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Fewer bottom-end pubs sold for alternative use

Start a new threadBy John Harrington , 10-Jan-2013

Related topics: Property News

Fewer than half (48%) of all bottom-end freehold pubs sold in the year to 30 September went for alternative use - six percentage points fewer than last year - and the slowdown in conversion rates is expected to continue, according to Fleurets.

New figures from the property agent show that a higher proportion of pubs sold for alternative use ended up as residential property - 54%, against 47% - last year. Significantly fewer were converted to retail premises; the proportion fell from 26% to 14%.
More became restaurants (up from 10% to 14%) or convenience stores (2% to 4%), while fewer were due for conversion to office space - down from 7% to 4%. Three percent were sold for conversion to cafes, while the remaining 2% included conversions to funeral homes, bed and breakfast accommodation, takeaways, storage space and vets.
The average sale price for pubs sold for conversion increased 29%, against a 6% rise for outlets that are set to remain as pubs. The average sale price for a conversion to non-pub use was 16% higher than for those that remain as pubs.
There proportion sold for alternative use was the same in the north as in the south, although 58% of the total number sold for alternative use were in the north.
Fleurets said it sold one third fewer bottom end freeholds in the year, although this still accounts for two thirds of all freehold pub transactions in the period. Sales prices ranged from £34,000 to £1.15m and 35% of pubs sold for alternative use were at £150,000 or below.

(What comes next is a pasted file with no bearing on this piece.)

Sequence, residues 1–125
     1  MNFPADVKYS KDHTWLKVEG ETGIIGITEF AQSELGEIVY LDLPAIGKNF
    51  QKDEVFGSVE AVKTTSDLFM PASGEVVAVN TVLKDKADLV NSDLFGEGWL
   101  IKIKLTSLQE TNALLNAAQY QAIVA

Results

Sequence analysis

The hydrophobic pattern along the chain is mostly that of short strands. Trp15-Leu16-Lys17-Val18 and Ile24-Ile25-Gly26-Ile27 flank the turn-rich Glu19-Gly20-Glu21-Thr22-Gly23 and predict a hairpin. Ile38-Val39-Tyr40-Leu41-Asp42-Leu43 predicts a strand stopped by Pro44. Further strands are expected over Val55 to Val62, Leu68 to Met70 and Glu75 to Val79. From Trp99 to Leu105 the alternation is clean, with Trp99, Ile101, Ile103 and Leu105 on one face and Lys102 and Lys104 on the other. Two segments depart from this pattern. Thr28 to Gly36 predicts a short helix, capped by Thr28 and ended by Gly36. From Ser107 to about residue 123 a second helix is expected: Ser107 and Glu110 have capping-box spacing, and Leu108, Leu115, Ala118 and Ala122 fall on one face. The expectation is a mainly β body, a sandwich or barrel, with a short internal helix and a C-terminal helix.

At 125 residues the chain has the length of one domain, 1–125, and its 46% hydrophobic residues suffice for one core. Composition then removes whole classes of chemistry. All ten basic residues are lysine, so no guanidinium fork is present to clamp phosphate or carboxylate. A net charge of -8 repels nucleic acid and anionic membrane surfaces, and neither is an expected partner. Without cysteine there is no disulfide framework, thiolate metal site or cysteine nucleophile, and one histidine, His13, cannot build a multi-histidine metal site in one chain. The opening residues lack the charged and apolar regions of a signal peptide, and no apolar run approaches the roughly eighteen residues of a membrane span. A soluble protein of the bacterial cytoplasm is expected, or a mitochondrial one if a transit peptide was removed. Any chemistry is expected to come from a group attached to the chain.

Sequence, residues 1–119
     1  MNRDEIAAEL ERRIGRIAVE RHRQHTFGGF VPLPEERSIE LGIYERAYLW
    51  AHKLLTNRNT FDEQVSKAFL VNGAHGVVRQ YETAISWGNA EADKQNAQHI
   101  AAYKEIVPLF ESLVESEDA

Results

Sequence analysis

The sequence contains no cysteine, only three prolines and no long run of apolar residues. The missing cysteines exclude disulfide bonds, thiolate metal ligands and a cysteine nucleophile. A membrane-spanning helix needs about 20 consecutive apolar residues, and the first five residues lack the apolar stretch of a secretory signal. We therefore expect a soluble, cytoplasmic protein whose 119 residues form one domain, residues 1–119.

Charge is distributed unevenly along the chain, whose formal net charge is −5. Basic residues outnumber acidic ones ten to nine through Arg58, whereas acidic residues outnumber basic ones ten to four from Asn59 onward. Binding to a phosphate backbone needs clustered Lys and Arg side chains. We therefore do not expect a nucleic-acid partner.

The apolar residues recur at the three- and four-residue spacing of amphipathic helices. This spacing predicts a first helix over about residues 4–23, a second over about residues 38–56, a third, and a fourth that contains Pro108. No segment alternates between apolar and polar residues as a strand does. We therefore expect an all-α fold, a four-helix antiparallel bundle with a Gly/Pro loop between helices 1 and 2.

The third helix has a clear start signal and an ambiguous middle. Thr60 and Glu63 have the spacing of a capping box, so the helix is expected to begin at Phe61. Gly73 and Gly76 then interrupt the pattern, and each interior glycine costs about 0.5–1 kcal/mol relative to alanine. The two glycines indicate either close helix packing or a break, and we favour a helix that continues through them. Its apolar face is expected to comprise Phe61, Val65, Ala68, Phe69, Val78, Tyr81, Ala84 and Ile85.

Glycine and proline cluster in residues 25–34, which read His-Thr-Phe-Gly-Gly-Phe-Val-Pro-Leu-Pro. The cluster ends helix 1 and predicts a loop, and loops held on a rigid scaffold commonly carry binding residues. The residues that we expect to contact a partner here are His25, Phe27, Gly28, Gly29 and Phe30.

Simon Hall, director and head of pubs at Fleurets, said: “We have started to see a slow down of the conversion of public houses to alternative uses. We expect this to continue in the year ahead as better quality, more viable pubs come to the market.
“The growth in the average sale price of pubs for non-pub use was significantly higher than the growth in sale price for continued pub use. This suggests the wider property market is seeing greater increases in value than the pub property market.
“Nationally there is a 16% differential between the average sale price for non-pub use and continued pub use, whereas last year sale prices for pub use and non-pub use were much the same. There is a distinct difference between the north +5% for non-pub use and the south +28% for non-pub use.
“Over the last three years residential conversion/development has been the most common use for pubs that are sold for alternative uses. Half of all pubs sold out of the trade have been converted to housing and the majority have been for single dwelling conversion.
“Restaurant and retail uses have continued to be the second and third most popular end uses, consistently averaging between 10–15% of all alternative use sales.
“Despite common perception that convenience stores and care homes are taking over large numbers of public houses, the actual numbers are relatively low and consistently around the 2–4% of all sales for non-pub use. When they do happen, however, sale prices can be significant.”

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